The old saying goes, he who lives by the sword, dies by the sword, and the same will be true for Israel. In 1967, when Israeli forces occupied the West Bank, the Sinai, and Gaza, the pendulum of world opinion shifted away from Israel. When Israel declared Jerusalem its capital in 1949, the US and Europe were tepid in their response, but by the time Israel captured the Old City almost 20 years later, America had become Israel’s closest ally, in large part due to our containment policies against the Soviet Union, and the perceived intelligence benefit gained from an alliance with Israel. And American diplomacy in the region has helped lead to some amazing breakthroughs with Israel’s neighbors, namely Egypt and Jordan, and a fragile peace with those nations which has lasted for decades.
Unfortunately, one of the stumbling blocks to a larger peace – a stumbling block during the Camp David talks, and still today – is the question of Israeli settlements in the West Bank, and no politician in Israel seems willing to tackle this obvious impediment to a two-state solution.
Israel is moving even further into a state of perpetual militarism. With Lieberman and his Yisrael Beiteinu Party gaining momentum, and poised to form a coalition government, quite possibly with Netanyahu’s Likud Party, the fate of Israeli Arabs and Palestinians hangs in the balance.
I’ve said before that I’d rather live in Israel than in any other country in that region. Americans and Israelis have many shared values, and the bond of affinity unites us. However, that might not always be the case.
I wouldn’t want to live in a country where Arab reporters are prevented from reporting at Campaign rallies, or where it is perfectly socially acceptable to chant “Death to the Arabs” at those rallies; or in a nation whose policies lead to the expulsion of a specific race, or the oppression of that entire people in an apartheid like State; whose policies purposefully create a sort of racial caste system both socially and legally, propped up by constant, overreaching security measures. That is the momentum of Israel today, its original dream all but faded into memory–a dream often vocalized, but never practiced. This new Israel is fast becoming something unrecognizable and, should men like Lieberman gain control of the Government, almost diabolical. I’ve long resisted comparisons of Israel to Nazi Germany, and even the expulsion of Arabs from Israel does not compare to Hitler’s Final Solution. But just because it is not as bad, does not mean that it is right. And thematically, the two are similar enough. The terrorists are winning if this is the only way forward.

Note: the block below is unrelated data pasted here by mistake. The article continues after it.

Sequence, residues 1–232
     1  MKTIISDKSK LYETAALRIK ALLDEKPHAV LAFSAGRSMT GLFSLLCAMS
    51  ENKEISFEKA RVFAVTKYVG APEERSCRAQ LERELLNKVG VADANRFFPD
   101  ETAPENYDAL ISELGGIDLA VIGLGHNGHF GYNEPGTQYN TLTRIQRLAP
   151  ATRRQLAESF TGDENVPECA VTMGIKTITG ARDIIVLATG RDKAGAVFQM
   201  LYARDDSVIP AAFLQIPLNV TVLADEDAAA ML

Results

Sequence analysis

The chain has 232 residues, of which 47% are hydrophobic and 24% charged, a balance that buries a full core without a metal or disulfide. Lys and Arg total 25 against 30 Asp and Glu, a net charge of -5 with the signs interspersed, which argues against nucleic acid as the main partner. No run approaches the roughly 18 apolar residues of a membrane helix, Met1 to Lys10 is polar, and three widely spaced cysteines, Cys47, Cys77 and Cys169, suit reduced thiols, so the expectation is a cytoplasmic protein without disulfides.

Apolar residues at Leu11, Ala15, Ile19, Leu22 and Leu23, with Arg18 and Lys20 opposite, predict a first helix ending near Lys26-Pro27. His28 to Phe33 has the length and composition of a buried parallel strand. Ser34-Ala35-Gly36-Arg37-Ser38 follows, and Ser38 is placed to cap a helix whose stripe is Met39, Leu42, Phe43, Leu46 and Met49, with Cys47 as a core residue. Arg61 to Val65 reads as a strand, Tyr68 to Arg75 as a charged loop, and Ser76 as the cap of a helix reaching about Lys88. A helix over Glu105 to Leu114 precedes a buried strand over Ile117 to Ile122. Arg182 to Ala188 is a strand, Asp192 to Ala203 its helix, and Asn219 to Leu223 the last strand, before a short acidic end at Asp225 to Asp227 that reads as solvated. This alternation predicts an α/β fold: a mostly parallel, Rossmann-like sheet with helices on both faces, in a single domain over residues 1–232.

Americans cringe at the notion of a militarized State, even if we, too, have increasingly moved in that direction, albeit more externally than internally. Nevertheless, it is hard to fathom a political Party with similar tenets rising to such heights in American politics. It is hard to imagine a call for the expulsion of an ethnic group being taken even remotely seriously. Our immigration debate has within it calls to somehow remove the millions of illegal aliens from our borders, but these are hardly in the mainstream, and more importantly they are not calls to expel any actual citizens.